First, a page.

You’ve separated – what is mediation and why do it? 

Some people see mediation as a box to tick when they separate, something they are required to try before they can receive a section 60i certificate and file in court.

Mediation is so much more than that, and when you choose the right service or mediator as carefully as you would choose your family lawyer then you have the best chance of working toward a negotiated agreement with your ex partner.

Mediation is a form of alternate dispute resolution, rather than legal letters going back and forth or having a judge decide the fate of your family, all at immense expense, mediation is way to sit down in the same room with the help of a skilled professional who will assist both parents to hear the other’s needs and concerns and guide them toward agreement.

Separated couples can use mediation to resolve parenting matters or to reach financial settlement once they have separated. Many newly separated couples, even those living separated under one roof come to mediation to make short term arrangements such as:

Who will move out of the family home and when;

- How the children will spend time with each parent;

- How short term finances such as mortgage payments and school fees will be paid before a couple reaches a full financial settlement;

- How parents will communicate post separation.

Some parents use mediation well after separation and divorce for example years down the track when they are for example:

- Choosing high schools for their children;

- Deciding to relocate interstate;

- If issues arise around step parents and blended families.

Mediation can provide a safe space and structure to facilitate difficult conversations. It isn’t therapy but rather a future focused process, which aims to provide people with practical agreements that they can live by.

A family dispute resolution practitioner (FDRP) is a specialised family mediator accredited by the Attorney Generals Department.

It is our role to work with the family as a whole, not to support the particular wants or needs of one parent or the other but to focus on the best interests of the children.

We meet with each parent individually to do the following:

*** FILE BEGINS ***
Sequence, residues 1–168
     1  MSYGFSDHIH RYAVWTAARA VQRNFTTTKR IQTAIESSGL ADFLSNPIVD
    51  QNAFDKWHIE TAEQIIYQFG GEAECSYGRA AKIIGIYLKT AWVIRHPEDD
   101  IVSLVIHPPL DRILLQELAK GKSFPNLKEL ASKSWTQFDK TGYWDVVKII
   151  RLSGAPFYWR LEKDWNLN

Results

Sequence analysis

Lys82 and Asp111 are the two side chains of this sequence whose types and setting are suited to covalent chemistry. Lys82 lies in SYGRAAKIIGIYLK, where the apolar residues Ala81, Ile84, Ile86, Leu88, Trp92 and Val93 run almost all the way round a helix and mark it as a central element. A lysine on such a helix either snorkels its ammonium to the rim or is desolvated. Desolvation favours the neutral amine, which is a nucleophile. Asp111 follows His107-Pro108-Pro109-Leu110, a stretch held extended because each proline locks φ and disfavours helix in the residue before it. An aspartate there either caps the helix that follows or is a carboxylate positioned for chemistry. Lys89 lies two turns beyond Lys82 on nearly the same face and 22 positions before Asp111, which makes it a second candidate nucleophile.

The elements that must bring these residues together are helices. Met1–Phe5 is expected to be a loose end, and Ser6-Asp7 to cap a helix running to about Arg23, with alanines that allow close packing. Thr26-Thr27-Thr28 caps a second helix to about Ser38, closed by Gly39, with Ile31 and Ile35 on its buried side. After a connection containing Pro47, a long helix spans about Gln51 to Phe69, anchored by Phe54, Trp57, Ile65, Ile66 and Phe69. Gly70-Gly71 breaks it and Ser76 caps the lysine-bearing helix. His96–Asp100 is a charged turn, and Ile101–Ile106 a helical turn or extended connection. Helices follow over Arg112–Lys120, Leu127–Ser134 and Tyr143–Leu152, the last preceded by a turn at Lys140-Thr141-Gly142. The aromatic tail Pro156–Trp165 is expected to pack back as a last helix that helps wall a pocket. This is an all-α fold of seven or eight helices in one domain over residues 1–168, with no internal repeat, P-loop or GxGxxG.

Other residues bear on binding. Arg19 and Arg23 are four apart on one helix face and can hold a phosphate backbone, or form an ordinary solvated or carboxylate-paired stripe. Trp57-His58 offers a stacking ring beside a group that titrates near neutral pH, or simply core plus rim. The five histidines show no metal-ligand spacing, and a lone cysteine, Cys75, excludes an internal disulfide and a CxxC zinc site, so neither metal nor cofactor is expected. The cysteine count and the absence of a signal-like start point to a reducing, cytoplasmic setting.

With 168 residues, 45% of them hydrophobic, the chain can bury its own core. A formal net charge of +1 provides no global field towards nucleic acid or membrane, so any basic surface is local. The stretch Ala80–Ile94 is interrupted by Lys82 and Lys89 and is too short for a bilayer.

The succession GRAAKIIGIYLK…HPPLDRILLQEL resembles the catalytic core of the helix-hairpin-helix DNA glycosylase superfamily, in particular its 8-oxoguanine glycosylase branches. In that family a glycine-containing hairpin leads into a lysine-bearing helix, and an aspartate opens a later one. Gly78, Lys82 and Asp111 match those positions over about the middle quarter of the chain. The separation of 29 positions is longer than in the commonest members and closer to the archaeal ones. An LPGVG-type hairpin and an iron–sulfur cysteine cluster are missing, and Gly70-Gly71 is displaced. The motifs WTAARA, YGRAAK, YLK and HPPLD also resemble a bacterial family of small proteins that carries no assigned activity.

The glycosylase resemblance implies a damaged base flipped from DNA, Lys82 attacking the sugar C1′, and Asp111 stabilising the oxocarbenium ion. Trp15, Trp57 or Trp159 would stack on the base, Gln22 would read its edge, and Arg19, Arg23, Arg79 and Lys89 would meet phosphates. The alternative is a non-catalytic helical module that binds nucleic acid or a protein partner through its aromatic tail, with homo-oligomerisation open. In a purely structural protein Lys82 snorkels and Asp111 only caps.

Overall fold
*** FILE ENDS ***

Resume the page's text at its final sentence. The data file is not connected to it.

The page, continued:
1. Hear things from each person’s perspective;

2. To understand the communication dynamic between the parents;

3. To establish what each parent wants to achieve and why;

To look at each child’s current and future needs;

And to screen and ensure mediation is suitable.

 

Once this process is complete both parents are invited to attend a joint mediation session for around three hours to discuss issues, explore options and negotiate an agreement.

In some instances it is identified that it would be useful to bring the children’s voice into the mediation process. This is called child inclusive practice and is done with the assistance of a child consultant who will meet with school age children to find out how they are coping with the separation and what their wishes are. This information is provided back to the parents to help inform decisions around living arrangements and other parenting matters.

On other occasions and often when a financial settlement is being mediated, lawyers will attend with their clients to a mediation to provide on the spot advice and guidance. This is called a legally assisted mediation or LAM.

If you or someone you know is in the process of separation or divorce and is having trouble trying to communicate or agree matters with their ex partner, mediation is an excellent option to help to break the cycle of conflict.

Contact Gloria Hawke you can also read about her life as a local mum here

www.hawkemediation.com.au